Fighting Symptoms of Inflammation Through Diet

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The symptoms of inflammation are a result of the natural response of your immune system to tissue damage or invasion of your tissues by pathogens such as bacteria and viruses. The initial result of the inflammatory response is often dilation of your capillaries to permit the large macrophages, or white blood cells, to reach the affected area resulting in fluid leakage into your surrounding tissues and ultimately swelling and pain.

The area can also become hot as your immune system raises the temperature to render it less comfortable for bacteria. The overall effect is the typical redness, swelling and pain that we know as inflammation. It slows down wound healing and can lead to severe pain in the joints (arthritis). The immune system frequently doesn’t know when to stop, and needs help so that wounds can heal and the pain and swelling gradually die down.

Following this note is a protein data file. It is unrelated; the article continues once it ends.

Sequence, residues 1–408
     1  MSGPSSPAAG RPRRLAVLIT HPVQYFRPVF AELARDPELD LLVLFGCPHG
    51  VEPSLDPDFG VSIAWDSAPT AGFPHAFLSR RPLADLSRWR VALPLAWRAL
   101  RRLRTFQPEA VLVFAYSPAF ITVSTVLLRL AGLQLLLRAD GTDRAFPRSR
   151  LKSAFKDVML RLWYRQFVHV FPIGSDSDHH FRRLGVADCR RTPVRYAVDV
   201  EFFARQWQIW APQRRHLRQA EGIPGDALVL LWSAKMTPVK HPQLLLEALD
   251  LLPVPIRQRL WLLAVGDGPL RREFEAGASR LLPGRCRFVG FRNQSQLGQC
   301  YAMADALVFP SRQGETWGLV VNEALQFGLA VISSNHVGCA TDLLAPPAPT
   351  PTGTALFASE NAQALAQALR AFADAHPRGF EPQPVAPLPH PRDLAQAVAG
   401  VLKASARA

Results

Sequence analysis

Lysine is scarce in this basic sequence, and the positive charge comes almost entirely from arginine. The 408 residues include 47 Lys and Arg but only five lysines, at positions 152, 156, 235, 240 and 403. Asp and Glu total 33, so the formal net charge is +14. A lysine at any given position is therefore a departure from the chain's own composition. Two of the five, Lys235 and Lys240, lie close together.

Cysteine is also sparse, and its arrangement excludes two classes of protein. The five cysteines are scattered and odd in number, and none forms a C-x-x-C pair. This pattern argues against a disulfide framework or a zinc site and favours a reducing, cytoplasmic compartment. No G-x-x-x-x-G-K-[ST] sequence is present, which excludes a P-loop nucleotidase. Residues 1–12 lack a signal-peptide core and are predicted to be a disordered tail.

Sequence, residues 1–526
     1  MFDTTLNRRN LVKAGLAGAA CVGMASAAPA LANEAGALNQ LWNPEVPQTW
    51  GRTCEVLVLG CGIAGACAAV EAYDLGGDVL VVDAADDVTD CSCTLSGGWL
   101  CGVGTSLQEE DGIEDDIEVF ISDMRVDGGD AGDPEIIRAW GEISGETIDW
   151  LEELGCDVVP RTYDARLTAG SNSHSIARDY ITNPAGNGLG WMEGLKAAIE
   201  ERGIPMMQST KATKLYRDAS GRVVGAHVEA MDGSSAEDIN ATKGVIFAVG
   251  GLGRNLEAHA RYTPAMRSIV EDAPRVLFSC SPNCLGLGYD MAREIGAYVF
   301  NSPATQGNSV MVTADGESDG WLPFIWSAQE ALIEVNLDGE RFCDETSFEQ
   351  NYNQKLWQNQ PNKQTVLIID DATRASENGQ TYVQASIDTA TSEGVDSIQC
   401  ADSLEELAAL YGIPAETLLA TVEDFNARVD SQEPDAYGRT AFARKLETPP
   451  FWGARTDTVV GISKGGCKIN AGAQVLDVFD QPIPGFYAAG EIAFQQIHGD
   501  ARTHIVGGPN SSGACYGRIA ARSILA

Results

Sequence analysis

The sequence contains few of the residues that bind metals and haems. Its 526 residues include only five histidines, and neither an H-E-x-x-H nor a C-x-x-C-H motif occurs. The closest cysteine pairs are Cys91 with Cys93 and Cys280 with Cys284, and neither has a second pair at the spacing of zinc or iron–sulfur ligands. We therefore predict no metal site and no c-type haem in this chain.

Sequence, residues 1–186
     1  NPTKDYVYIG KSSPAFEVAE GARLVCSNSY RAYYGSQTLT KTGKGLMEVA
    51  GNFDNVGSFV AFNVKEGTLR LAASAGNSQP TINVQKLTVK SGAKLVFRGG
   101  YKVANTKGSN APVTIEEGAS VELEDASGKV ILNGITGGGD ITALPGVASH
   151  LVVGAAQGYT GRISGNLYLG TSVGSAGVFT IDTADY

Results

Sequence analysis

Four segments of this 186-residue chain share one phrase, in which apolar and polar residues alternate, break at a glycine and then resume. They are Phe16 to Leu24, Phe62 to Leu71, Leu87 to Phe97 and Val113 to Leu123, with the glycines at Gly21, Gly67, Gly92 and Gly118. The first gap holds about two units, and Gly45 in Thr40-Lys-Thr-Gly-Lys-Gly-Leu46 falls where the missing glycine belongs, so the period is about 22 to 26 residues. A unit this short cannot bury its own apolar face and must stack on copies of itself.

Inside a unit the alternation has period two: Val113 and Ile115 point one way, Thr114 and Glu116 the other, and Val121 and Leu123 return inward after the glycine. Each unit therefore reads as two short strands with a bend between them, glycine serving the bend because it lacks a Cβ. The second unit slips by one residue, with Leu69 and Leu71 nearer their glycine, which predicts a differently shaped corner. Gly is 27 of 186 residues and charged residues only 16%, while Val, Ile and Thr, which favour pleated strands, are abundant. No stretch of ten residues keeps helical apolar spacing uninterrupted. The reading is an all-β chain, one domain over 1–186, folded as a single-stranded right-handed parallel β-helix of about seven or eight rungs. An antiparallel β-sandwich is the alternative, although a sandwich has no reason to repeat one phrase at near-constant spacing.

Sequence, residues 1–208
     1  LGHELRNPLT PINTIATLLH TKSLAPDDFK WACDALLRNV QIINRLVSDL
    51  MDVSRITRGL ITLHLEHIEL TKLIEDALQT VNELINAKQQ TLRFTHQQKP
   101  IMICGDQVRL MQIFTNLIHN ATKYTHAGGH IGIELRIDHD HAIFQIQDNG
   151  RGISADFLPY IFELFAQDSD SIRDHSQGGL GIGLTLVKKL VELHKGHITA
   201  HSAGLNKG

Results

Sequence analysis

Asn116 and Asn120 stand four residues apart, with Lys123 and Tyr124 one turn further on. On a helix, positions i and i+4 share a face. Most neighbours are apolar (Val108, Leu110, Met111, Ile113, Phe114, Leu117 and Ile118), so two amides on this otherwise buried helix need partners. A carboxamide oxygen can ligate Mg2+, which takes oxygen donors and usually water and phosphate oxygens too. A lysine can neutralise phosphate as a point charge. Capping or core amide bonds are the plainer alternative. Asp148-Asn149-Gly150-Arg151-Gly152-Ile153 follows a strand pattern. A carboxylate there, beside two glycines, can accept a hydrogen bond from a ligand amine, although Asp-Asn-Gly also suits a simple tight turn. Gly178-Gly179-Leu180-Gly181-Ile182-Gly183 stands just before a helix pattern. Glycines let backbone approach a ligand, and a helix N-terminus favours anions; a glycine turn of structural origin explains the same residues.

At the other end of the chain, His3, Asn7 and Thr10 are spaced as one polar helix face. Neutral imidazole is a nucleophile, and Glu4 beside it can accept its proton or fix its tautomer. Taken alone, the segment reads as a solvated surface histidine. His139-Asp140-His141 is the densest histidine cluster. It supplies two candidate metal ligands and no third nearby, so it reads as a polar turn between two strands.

The major methods of fighting symptoms of inflammation are:

  • Steroid Anti-inflammatories: A common way to deal with the symptoms of inflammation is by use of corticosteroids, which reduce inflammation by binding to the glucocorticoids receptors [1] that control inflammation. The problem here is that steroids can cause side effects in some people, including osteoporosis, high blood pressure and can cause a diabetics condition to deteriorate [2].